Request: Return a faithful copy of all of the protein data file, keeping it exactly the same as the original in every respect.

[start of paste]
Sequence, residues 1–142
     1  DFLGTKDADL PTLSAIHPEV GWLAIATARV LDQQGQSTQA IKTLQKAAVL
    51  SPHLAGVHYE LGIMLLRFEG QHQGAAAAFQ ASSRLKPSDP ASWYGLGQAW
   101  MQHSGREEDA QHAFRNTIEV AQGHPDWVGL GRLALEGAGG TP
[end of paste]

Sequence, residues 1–142
     1  DFLGTKDADL PTLSAIHPEV GWLAIATARV LDQQGQSTQA IKTLQKAAVL
    51  SPHLAGVHYE LGIMLLRFEG QHQGAAAAFQ ASSRLKPSDP ASWYGLGQAW
   101  MQHSGREEDA QHAFRNTIEV AQGHPDWVGL GRLALEGAGG TP